Haunting pictures of the decaying WWII 'pillbox' bunkers that remind Europe of its dark past

Marc WilsonFindhorn, Moray, Scotland, 2011

As conflict in World War II ramped up, both the Nazi and Allied forces raced to fortify their shores from invading troops. They built thousands of structures, from simple rudimentary “pillboxes,” small concrete rooms with peepholes for firing weapons, to more complex fortresses with multiple purposes.

Now, with the end of the second World War almost 70 years behind us, many of these structures still exist, dotting Europe’s coastline. Many have not been preserved, and serve as a painful reminder of an earlier time, slowly crumbling back into the sea.

Marc WilsonWissant II, Nord Pas De Calais, France, 2012
Marc WilsonVigso I, Nordjylland, Denmark, 2014
Marc WilsonLossiemouth II, Moray, Scotland, 2011

Photographer Marc Wilson hasn’t forgotten about these buildings, though. Wilson, an Englishman, has travelled more than 23,000 miles over five different countries to document the abandoned pillboxes, bunkers, gun emplacements, observation posts, and command centres of Europe. He visited 143 sites and captured what remained before the structures were totally gone.

“I have always been interested in the idea of the landscape and the objects we place in it as holding the stories, histories and memories of the past,” says Wilson, who says his European background and family history also drew him to the story.

Marc WilsonBrean Down I, Somerset, England. 2012
Marc WilsonNewburgh I, Aberdeenshire, Scotland, 2012. This string of cement bricks was put in place to deter tanks.
Marc WilsonStudland Bay I, Dorset, England. 2011

While some structures have been preserved as historical sites, Wilson focused on those that were hidden or forgotten.

“I was more interested in the locations where the histories and memories were being left to fade into the landscape,” Wilson told Business Insider.

Marc WilsonSt Michaels Mount, Cornwall, England. 2012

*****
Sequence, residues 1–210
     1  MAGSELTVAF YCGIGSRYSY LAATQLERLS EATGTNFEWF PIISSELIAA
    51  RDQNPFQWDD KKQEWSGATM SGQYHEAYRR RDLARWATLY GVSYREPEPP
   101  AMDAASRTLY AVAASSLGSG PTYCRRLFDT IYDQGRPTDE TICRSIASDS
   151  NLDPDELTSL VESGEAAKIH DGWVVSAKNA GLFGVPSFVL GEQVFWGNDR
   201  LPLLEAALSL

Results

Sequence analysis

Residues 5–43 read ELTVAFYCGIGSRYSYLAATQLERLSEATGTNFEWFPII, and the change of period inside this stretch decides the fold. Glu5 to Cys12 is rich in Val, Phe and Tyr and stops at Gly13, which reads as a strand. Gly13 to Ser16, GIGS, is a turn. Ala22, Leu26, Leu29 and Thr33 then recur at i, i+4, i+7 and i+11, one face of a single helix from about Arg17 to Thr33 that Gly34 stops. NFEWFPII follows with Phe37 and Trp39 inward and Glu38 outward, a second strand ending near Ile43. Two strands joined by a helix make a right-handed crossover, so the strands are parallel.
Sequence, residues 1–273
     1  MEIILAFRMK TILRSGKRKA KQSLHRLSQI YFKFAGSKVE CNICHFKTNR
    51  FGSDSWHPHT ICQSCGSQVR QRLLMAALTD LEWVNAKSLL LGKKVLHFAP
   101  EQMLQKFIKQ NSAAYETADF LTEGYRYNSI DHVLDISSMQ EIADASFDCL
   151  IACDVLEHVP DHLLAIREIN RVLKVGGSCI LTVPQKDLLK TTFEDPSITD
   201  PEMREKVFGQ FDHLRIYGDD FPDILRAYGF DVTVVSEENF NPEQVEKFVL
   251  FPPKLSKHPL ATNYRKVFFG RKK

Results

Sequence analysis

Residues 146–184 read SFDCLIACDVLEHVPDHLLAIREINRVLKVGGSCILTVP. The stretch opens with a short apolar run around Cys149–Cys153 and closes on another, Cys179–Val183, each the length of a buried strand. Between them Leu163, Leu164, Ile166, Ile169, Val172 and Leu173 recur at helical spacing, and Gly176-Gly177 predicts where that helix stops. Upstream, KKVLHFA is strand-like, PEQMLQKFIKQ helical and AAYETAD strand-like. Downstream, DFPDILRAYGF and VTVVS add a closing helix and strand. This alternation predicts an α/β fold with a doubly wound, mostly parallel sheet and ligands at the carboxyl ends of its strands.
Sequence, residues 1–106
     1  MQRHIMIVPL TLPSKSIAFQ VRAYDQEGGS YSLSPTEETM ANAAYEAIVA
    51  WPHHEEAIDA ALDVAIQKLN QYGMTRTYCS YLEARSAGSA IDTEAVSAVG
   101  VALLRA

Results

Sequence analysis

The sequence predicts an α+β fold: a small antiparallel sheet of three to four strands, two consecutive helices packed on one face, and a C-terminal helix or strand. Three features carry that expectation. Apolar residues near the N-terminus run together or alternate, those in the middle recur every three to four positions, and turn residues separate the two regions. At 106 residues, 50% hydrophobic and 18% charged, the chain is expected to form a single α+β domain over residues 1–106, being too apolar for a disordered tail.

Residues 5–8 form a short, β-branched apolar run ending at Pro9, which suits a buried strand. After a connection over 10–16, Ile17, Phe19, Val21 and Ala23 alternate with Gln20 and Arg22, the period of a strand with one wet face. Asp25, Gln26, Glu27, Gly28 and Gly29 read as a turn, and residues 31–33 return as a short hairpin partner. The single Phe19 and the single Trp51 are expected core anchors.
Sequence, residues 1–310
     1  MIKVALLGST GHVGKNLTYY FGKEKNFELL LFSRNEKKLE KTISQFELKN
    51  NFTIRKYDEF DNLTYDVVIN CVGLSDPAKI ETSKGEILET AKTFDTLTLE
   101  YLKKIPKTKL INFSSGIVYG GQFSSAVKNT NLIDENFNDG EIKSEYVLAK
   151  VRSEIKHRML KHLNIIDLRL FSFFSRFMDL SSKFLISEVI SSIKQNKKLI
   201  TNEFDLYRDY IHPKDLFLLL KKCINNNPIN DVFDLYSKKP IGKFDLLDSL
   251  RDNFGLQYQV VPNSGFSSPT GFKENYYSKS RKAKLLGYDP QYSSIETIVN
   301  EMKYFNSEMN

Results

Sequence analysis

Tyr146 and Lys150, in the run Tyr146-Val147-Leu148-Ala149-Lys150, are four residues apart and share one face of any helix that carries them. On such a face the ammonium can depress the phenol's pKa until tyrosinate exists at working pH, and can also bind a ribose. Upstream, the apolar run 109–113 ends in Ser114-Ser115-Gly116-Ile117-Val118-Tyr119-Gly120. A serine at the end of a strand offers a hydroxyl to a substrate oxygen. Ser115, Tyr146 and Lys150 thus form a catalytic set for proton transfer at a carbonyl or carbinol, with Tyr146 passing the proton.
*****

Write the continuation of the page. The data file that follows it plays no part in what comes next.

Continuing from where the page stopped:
Marc WilsonDengie peninsula, Essex, England. 2011. The surrounding area was used as a mine field.
Marc WilsonWissant I, Nord Pas De Calais, France, 2012
Marc WilsonBorth-y-gest, Snowdonia, Wales, 2013. The stones on the outside of this pillbox were local and meant to make the structure blend into its surroundings.

Wilson used both online research, satellite imagery, and history books to find locations in Britain, France, Denmark, Belgium, and Norway, many which were unknown to even the locals. “Some locations were fairly simply to find whilst other took a matter of hours of walking and searching,” he says. Many of the sites had been abandoned, Wilson theorizes, because they were unwelcome reminders of the areas’ dark pasts.

“I learned a huge amount in historical terms but more than that, I saw first hand how the histories and memories of these places, and the period of time, are still affecting people’s lives today,” explains Wilson.

Marc WilsonArromanche les Bains III, Normandy, France, 2012
Marc WilsonStanga Head, Unst, Shetland, Scotland, 2013
Marc WilsonPortland, Dorset, England. 2011

Often, getting his shot proved arduous. Once, he was forced to stand next to a dead seal for a few hours, waiting for the perfect tides and light. Another time, he was forced to wake up and begin his trek to a location at 3:45 a.m. “I had driven 10 hours to get there and was not going to be stopped!” he says.

Marc Wilson2_Abbot’s Cliff II, Kent, England. 2010
Marc WilsonSainte Marguerite sur mer, Upper Normandy, France, 2012

After spending for four years documenting the structures, Wilson whittled his images down to 86 of the finest and compiled them into a book, titled “The Last Stand,” which is available for purchase now. Along with the photos comes text, detailing the history of every site and grounding the images in reality. The book stands as a testament to the power of time and of history, good or bad.

“It is my act of remembrance,” says Wilson.

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